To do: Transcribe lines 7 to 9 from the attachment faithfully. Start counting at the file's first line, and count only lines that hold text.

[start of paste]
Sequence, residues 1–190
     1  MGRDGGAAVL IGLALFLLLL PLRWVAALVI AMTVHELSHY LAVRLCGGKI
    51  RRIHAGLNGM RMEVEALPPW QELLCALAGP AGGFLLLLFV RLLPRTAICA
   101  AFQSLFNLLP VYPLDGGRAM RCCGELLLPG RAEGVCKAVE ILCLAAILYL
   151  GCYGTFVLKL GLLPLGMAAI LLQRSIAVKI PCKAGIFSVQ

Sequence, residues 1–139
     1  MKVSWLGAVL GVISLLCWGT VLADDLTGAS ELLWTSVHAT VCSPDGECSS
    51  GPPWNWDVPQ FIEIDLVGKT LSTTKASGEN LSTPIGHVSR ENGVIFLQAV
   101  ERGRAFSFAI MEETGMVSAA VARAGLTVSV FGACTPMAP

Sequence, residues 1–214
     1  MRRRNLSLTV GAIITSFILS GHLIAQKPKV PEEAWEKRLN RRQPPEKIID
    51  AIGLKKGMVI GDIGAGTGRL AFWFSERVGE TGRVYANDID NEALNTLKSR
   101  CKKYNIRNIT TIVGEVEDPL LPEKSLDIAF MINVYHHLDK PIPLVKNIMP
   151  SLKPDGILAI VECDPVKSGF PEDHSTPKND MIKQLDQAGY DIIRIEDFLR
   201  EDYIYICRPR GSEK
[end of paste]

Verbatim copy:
     1  MKVSWLGAVL GVISLLCWGT VLADDLTGAS ELLWTSVHAT VCSPDGECSS
    51  GPPWNWDVPQ FIEIDLVGKT LSTTKASGEN LSTPIGHVSR ENGVIFLQAV
   101  ERGRAFSFAI MEETGMVSAA VARAGLTVSV FGACTPMAP